A.A. is a spiritual program and a spiritual way of life. Even the first half of the First Step, “We admitted we were powerless over alcohol,” is a spiritual experience. An A.A. member needs more than physical capabilities; he needs the use of his full faculties as a human being to hear the message, to think about it, to review the effects of the past, to realize, to admit, and to accept. These processes are activities of the mind, which is part of the spirit.
Yes, I began with blind faith, but the proof of truth is that it works. I believed those who said they had suffered from alcoholism, but, through A.A., were now enjoying sobriety. So the truth was there for me to see. But shortly I knew the truth from my own experience. I was not only released from the compulsion to drink; I was guided toward a compulsion to live!
A.A. also made me very much aware, by constant repetition, of my freedom of choice, and this is the human faculty of willpower. As time has gone on in sobriety, I have been offered and have used the opportunity to learn more about humanity by learning more about myself. 1 now realize that when I first said at an A.A. meeting, “My name is Tom and I am an alcoholic,” I was expressing the first truth I had known about myself. Think of the spirituality in such statements. My name tells me that I am a human being; the fact that I can know it, think about it, and communicate it reinforces my humanity and makes me aware and excited that I am!
This, then, became the opening to the spiritual world. With the guidance of the program and the encouragement and examples within the Fellowship, I could begin to find out about myself and be prepared to accept what I found. I learned in the Fellowship that if others could accept me and love me as I was, then I should love myself as I was—not for what I was, but for what I could become. So I have learned a little about my mind and about my will and about my emotions and passions.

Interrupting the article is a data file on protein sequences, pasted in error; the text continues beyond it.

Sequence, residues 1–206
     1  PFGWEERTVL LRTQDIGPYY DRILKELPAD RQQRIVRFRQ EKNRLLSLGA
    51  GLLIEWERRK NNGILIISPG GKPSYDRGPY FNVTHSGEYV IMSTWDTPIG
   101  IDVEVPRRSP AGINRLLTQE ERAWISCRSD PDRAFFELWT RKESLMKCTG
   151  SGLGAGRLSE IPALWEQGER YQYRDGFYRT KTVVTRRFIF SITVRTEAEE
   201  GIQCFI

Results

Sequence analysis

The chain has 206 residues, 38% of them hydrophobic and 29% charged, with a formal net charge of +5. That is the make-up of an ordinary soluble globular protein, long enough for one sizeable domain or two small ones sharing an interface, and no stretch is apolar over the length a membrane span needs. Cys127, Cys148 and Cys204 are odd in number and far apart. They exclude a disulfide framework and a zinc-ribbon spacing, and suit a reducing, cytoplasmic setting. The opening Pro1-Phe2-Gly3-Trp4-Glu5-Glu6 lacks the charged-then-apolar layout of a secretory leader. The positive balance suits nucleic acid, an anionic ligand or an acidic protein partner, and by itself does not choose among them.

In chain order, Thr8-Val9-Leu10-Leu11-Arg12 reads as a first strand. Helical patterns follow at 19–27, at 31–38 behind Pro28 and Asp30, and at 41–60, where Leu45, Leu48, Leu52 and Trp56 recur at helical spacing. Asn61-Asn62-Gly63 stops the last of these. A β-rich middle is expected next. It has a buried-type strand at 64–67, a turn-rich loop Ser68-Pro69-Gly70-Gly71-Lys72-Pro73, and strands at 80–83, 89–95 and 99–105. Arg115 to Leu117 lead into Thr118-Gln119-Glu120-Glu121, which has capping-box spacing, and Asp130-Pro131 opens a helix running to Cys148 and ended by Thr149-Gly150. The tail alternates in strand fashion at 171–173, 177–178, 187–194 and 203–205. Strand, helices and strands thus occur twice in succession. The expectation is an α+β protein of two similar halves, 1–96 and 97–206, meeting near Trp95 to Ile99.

I have learned I can be a good human being, although an imperfect one; that, when J consciously live in the real world (sanity), each good day helps to counterbalance my past.
My religion did not give me A.A. A.A. gave me greater strength in my religion, The simple contrast between active alcoholism and active sobriety has helped me to seek, to listen, and to apply the good principles of living, and I am rewarded with much more excitement and joy than was mine before A.A. sobriety. By accepting this sobriety gratefully, as a gift, and using it willingly, I have become aware of other gifts available to me a human being. To get the benefits, I need only ask and then use. This is the crux of the program and the crux of living: acceptance and action.
The gift of understanding has allowed the simple messages from my parents, my teachers, and my church to take on new meaning and soundness. With the gift of serenity, I am ready and willing to accept what God permits to happen to me; with the gift of courage, to take action to change the things I can for the good of myself and others. The gift of wisdom has been given to me so that in personal relationships I may act intelligently and with love or, as it has also been expressed, with competence and compassion.
Now I am trying to grasp the idea of living “inside out.” The Big Book, “As Bill Sees It—the A.A. Way of Life,” “24 Hours a Day,” the meetings, the experiences, the consciousness of change in myself, in my thinking, my consciences, and my habits—all of these are spiritual. There is the spirituality the A.A. way of life, which simply makes us aware of our individual inner resources. There is no materialism in A.A.—-just spirituality. If you take care of our inner needs, our other needs will be provided for.
I have come to believe that the gift of sobriety is what gives value and dignity to any life. It is this that I have to share, and it grows as it is shared.